This, of course, is assuming you're doing everything possible to accurately reproduce the communication from the page. Usually there are substitutions, estimates, whims, and corners cut.
And you might not even be following a recipe to begin with. Because every Bach invention you play (or hear), every Indian curry you make (or eat), you're building up an incredible vocabulary, inventory of tricks, figures, combinations, structures, patterns, all components that can be recombined to make something new.
We live in a culture that rewards those who cook by the book but enviously pays lip service to the superiority of the untutored creative genius. I think the idea that these creative practices are wholly separate is a fiction. The most historically "authentic" performance of a Handel aria demands a huge amount of interpretation and decision-making on the part of the performer, and the freest jazz solo ever played is informed by any number of tropes and patterns the player has played many times before.
I've been thinking about all this as the frequency of my posts dwindles. It's not that I'm not cooking as much, but rather that the most appropriate cooking blog posts are the recipes that I follow rather closely. The things I make when I'm in a hurry, when I want something comforting and familiar, or when I want to be able to talk with guests... are usually those things for which I don't need a recipe.
That said, here's a new recipe, seen separately in several places. We had these lentil pancakes with a mango chutney I thought I was making up off the top of my head--sauteed onion, ginger, mustard seed, and cumin seed; added mango and salt; simmered; finished off with lemon juice--only to realize this morning that I'd made a similar (more complicated) version almost a year ago. And speaking of almost a year ago, we finally finished up the mangoes that had been in my freezer for nine months. They were still delicious--there was way less fallout than there was when Mel Gibson's character in Forever Young got thawed.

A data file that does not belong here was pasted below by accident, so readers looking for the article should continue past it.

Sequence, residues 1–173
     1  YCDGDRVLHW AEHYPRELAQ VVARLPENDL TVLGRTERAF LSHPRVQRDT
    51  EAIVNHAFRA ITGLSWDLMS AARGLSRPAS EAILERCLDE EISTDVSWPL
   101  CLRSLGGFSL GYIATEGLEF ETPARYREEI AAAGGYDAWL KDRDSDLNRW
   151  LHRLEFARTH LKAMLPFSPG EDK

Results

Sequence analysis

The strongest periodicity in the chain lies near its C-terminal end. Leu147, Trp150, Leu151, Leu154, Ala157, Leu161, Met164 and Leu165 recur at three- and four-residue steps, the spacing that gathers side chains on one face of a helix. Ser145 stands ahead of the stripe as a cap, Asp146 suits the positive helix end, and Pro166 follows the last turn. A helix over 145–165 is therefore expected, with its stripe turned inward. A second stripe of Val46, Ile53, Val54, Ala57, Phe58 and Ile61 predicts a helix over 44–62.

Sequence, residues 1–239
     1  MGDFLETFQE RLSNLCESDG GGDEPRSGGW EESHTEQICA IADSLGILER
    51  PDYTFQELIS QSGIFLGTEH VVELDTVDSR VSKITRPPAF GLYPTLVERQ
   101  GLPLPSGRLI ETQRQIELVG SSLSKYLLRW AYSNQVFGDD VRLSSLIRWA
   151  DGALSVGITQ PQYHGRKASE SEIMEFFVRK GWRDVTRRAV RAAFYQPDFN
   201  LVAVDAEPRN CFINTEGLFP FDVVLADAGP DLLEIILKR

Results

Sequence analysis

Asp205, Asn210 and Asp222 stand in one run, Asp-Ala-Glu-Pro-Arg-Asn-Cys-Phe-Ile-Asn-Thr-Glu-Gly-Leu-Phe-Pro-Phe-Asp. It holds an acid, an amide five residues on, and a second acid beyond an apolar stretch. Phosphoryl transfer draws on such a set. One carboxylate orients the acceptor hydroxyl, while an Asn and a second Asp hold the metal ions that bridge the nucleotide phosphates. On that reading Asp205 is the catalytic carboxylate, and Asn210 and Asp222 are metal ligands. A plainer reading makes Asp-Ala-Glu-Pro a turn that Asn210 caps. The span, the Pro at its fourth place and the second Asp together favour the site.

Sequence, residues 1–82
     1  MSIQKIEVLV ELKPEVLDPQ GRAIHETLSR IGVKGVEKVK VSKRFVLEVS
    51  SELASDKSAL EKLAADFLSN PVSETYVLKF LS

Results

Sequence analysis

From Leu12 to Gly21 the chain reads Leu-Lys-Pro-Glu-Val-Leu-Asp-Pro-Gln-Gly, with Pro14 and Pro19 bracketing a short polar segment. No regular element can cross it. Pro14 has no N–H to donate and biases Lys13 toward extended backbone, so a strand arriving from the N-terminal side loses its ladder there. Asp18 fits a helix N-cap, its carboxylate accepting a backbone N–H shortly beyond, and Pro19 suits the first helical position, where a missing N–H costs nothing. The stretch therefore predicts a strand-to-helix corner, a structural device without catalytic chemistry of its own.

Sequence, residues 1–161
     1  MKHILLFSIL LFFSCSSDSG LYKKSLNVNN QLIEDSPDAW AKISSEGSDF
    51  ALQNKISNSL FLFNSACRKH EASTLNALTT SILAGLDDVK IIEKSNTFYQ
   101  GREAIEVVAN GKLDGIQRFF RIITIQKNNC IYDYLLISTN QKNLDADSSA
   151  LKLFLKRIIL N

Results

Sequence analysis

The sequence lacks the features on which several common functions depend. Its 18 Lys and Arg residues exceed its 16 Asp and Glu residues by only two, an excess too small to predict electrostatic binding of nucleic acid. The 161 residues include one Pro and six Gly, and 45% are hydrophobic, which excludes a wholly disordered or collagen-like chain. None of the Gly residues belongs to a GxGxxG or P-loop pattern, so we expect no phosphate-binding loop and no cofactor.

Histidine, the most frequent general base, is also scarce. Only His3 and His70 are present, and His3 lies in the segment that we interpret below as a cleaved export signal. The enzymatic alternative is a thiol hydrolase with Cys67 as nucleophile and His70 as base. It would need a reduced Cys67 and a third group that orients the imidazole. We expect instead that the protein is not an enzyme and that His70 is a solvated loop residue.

baingan bharta and kale sauteed with garlic, stock, and lemon. Since we ate all of that up, the pancakes are photographed above with rice and and a new eggplant lentil curry.
I used arrowroot as a binder for the pancakes and realized how far that $8 bag I bought at Whole Foods is going to take me. Considering I use about a tablespoon per month, we're talking lifetime supply.
The pancakes were very fragile until the heat activated the arrowroot, but I think this was exacerbated by the fact that I blended the lentils with all the other ingredients, so that they never really got creamy and batter-like. Still, they turned out delicious, and with the chutney, they were delightfully reminiscent of potato pancakes with applesauce.
Spiced Red Lentil Pancakes
(adapted from How To Cook Everything Vegetarian)
1 c red lentils, soaked overnight and drained
2 TB arrowroot + 6 TB cold water (substituted for 2 eggs)
1/2 c chopped scallion
1 large carrot, finely julienned or grated
1 TB minced garlic
1 TB minced peeled fresh ginger
1 1/2 TB garam masala
1 tsp red pepper flakes (omitted)
1. Put the lentils in a food processor and add about 3/4 cup water (or less). Puree until a smooth and thick batter is formed. Transfer to a bowl and stir in the arrowroot mixture, scallion, carrot, garlic, ginger, garam masala, chili, and salt.
2. Heat a large nonstick skillet over medium-high heat. Spray with cooking spray. Ladle in the batter to form several smaller pancakes. Turn the heat down to medium and cook until the bottom is browned, about 2 1/2 minutes. Flip and cook for another 2 1/2 minutes.3. Serve hot with some kind of mango chutney and fresh cilantro.
Serves about 3.